As for rules to live by, first do vote. Vote your morals and not just your pocketbook. Vote for those officials who will stand for the truth of God’s word, who will be bold in establishing policy which reflects Christian moral virtue, and who will dare to counter the establishment to uphold Scriptural values. Be bold yourself and vote for independent candidates when the mainstream ones do not reflect Christian ethical standards. With this in mind, William Temple, Archbishop of Canterbury during World War II tells us: “Nine-tenths of the work of the Church in the world is done by Christian people fulfilling responsibilities and performing tasks which in themselves are not part of the official system of the Church at all”(3). By this he means that Christians working in the political sector can accomplish as much for the Kingdom as the minister operating within the religious sector.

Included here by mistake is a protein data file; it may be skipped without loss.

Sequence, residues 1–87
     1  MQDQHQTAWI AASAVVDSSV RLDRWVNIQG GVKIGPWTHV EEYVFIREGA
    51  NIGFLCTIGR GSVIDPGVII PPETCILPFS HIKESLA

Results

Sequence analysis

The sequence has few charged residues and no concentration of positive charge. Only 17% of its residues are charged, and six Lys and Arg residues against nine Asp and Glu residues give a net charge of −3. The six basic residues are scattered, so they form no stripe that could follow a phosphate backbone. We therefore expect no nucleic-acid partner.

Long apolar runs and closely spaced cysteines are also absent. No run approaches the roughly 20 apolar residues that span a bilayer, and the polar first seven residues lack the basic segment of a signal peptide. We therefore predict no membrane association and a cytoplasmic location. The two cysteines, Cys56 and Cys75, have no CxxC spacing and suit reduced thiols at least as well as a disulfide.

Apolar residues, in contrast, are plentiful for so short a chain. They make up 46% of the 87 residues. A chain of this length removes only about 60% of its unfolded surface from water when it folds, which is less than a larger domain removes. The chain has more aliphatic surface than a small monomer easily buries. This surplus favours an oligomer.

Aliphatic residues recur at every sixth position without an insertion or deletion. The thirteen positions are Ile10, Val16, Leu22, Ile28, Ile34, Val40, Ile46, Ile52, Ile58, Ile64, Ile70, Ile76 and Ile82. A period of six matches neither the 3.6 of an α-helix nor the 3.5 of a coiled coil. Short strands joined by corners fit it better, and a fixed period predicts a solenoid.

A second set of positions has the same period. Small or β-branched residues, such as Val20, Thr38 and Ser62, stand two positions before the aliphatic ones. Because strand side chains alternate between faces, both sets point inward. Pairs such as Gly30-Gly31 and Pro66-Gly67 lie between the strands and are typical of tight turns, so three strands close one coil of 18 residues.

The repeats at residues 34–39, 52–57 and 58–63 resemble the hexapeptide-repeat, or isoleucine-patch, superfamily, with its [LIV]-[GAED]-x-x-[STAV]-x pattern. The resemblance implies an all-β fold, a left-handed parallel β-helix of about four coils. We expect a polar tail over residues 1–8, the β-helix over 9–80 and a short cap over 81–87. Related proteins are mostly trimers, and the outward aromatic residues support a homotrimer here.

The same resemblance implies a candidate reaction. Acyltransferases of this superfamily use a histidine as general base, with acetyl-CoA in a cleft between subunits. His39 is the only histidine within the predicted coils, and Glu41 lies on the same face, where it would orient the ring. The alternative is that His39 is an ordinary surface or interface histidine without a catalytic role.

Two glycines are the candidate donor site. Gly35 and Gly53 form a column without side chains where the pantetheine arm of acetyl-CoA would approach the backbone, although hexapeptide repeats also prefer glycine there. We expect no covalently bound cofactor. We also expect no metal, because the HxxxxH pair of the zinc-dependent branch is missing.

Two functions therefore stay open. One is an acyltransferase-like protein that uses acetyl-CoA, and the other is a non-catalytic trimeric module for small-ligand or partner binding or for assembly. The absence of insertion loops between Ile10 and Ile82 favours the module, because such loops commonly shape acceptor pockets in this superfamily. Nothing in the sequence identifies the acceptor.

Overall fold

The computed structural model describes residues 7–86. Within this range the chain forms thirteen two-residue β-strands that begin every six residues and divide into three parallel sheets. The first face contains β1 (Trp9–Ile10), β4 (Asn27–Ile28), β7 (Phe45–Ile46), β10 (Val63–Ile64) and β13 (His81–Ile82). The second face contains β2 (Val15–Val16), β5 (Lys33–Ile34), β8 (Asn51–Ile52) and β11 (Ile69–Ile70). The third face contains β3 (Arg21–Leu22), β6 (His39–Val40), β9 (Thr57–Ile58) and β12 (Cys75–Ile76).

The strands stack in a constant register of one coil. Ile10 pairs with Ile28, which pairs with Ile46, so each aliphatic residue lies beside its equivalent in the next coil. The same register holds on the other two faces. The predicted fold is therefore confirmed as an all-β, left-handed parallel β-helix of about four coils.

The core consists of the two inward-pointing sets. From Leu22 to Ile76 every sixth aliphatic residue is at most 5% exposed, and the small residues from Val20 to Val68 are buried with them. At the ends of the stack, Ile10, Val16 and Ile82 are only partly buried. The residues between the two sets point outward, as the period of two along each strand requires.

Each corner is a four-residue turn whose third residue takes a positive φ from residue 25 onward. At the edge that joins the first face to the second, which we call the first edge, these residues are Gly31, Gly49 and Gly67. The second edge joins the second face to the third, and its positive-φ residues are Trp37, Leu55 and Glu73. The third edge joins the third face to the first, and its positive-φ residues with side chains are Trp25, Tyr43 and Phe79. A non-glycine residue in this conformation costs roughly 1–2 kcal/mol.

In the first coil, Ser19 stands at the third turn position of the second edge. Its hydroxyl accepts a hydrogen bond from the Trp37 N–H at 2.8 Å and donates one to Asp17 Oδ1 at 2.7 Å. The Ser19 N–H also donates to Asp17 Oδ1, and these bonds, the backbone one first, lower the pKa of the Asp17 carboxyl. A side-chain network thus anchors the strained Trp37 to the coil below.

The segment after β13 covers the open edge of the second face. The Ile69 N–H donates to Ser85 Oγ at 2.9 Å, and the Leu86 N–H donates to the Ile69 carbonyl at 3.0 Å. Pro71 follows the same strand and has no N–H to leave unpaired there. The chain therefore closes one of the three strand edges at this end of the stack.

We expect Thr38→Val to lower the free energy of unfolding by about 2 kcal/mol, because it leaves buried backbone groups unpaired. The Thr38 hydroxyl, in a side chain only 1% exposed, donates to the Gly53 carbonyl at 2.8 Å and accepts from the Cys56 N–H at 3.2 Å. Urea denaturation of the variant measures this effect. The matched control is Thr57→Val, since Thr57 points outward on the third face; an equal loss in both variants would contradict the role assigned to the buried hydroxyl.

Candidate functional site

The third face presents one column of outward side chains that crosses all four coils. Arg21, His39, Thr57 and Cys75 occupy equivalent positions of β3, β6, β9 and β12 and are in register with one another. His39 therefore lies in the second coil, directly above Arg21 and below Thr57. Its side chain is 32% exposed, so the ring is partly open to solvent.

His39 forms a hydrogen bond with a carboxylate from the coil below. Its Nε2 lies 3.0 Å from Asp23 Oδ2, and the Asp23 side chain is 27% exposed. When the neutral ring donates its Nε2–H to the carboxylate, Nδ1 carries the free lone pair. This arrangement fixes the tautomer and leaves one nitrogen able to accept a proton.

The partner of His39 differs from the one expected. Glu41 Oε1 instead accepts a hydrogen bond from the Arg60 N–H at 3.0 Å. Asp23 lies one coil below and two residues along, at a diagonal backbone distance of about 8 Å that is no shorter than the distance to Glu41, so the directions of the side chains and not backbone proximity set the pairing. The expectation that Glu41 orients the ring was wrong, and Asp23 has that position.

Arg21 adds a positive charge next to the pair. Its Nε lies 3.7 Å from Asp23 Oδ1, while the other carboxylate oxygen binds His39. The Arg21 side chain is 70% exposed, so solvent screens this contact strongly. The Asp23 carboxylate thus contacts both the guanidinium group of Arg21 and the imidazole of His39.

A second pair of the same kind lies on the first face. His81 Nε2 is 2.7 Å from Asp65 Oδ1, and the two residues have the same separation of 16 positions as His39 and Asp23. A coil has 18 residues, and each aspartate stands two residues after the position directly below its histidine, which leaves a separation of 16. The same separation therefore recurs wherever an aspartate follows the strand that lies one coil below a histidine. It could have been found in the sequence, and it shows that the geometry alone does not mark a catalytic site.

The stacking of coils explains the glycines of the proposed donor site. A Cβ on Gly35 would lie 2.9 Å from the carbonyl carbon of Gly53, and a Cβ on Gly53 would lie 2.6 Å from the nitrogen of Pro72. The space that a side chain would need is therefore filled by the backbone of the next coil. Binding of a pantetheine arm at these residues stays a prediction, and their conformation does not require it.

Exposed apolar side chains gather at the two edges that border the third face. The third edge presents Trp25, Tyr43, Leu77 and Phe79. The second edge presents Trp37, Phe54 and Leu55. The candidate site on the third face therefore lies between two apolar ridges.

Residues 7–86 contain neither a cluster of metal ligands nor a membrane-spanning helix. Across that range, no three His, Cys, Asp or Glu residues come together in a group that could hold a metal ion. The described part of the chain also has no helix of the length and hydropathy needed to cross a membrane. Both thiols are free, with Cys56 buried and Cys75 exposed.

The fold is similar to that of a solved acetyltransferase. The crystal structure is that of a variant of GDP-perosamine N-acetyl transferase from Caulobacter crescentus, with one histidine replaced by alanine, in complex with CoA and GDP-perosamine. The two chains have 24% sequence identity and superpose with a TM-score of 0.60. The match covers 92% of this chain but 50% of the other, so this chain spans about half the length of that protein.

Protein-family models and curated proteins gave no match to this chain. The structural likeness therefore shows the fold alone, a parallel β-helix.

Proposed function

Second use your money to further the kingdom. No one should dare to tell you how much you should give or to what causes. That is for you to decide as God works on your heart. However, using our money in ways that furthers the kingdom is a responsibility we all share. Each of us should give to our church. This principle is established in Matthew 23 where Jesus chastises the Pharisees not for their tithe, which is a good thing, but in failing to show mercy and compassion. Also, the principle of the church being the distribution center to the community is established in Acts 4. At the same time, we can multiply our effect in the world by giving to any of the vast number of faith-based ministries working to share the Good News, end hunger, minister to the poor and homeless, conquer the evils of human trafficking and sexual exploitation, and the list goes on. Support some local ministries or get involved with caring for the homeless or engaging in prison ministry. In short, use the monetary resources God has given you to care for your community.